Trust in the LORD, and do good; so shall you dwell in the land, and truly you shall be fed.…
e: — Pleasure, or the enjoyment of our heart's desire, being the chief spring of action in man, the due regulation of our pursuits of it must always be of great moment; and whoever addresseth us with an offer of this kind can scarce fail of engaging our attention. Consider, then, how all our pleasures point out to us, and are improved by, a delight in God.
I. Those OF THE SENSES. How wrong are they who take their daily food without thankfulness or desire for God's blessing. See our Lord's example of thanksgiving, and that of St. Paul. But because the example of Confucius may weigh more with some men than that of St. Paul, let me add what is observed of him: that he never ate anything but he first prostrated himself, and offered it to the supreme Lord of heaven. In like manner, Whether we cat or drink, let us do all to the glory of God. This will ennoble and improve our carnal gratifications, and exalt them into religious acts of gratitude and love.
II. THOSE OF THE IMAGINATION. These are chiefly —
1. Beauty. Think of the beauty of the world and who has poured it out upon the creation, Himself, infinitely more beautiful. When we see the sun shine forth in its lustre, and nature appearing in its most advantageous dress, how can we avoid turning our thoughts upwards toward that Being, whose handiwork that sun shows, every field, every flower, contains the most edifying rhetoric to excite in us the love of that Being, who hath clothed the lilies of the field with that elegant simplicity, which was superior to Solomon's pomp, when arrayed in all his glory. But the Christian man must think of Him who has enriched the world with such a profusion of good; has beautified it with such order and harmony, and has ennobled it with such astonishing magnificence.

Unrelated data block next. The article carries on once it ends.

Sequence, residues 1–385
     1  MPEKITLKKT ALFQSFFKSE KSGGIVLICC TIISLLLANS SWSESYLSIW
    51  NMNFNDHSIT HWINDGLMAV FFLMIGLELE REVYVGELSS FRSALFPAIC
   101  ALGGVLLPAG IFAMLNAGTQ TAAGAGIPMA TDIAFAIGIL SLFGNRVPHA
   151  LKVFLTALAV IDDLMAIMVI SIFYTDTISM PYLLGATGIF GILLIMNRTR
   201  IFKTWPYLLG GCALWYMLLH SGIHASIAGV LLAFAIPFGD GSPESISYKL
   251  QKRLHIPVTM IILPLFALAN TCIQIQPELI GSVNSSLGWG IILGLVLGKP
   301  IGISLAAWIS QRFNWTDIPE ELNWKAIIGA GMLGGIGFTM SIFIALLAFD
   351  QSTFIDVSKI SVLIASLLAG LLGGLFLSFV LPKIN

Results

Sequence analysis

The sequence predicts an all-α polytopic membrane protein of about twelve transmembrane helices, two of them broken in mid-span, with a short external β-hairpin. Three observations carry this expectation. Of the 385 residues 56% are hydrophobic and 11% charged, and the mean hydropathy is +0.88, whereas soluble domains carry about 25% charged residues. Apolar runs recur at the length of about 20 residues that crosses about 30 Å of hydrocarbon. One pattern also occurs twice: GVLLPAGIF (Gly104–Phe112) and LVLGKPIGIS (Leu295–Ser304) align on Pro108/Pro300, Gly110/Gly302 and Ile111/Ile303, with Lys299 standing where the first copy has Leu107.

2. Greatness. We love to behold that which is great, solemn and majestic, and this desire was stamped upon our nature for this very purpose, that we might take delight in contemplating Him, of whose greatness there is no end. Everybody knows we hate nothing more than confinement in a prospect: the soul loves to have a free and unlimited range.
3. Novelty. This excites pleasure. How comes it that we are generally in pursuit of something new; and yet, when we are possessed of it, and the object becomes familiar to us, we cease to care for it. Does not the unsatisfactoriness of things here below admonish us to fix our rest upon Him, who alone can satisfy, and even exceed our wishes? Whom the more we know, the more amiable we shall find Him, and find no end of His perfections.
III. THOSE OF A MORAL AND INTELLECTUAL NATURE. No doubt, our highest affection, in the reason of the thing, is a tribute due to God considered as the highest good. Yet it must also be granted, that dry and abstracted reasons of love operate very faintly, unless we take into the account those affecting considerations of His being our Creator, Redeemer, Preserver, and universal Benefactor. For this cause the Scripture tells us, we love God because He first loved us.
IV. THOSE OF HOPE AND EXPECTATION. NOW, present hope is present good; and a certain expectation of future blessings is in some measure a blessing in hand. Hope is the great cordial that must sweeten life, and make the nauseous draught go down. Recreations and pastimes, properly so called (for they serve for no other end but to pass away our time), may soothe the mind into a pleasing forgetfulness of its misery. But nothing can give us an exquisite relish and enjoyment of this life but the hopes of a better through the merits of Jesus Christ.
(J. Seed, M. A.)
Parallel VersesKJV: Trust in the LORD, and do good; so shalt thou dwell in the land, and verily thou shalt be fed.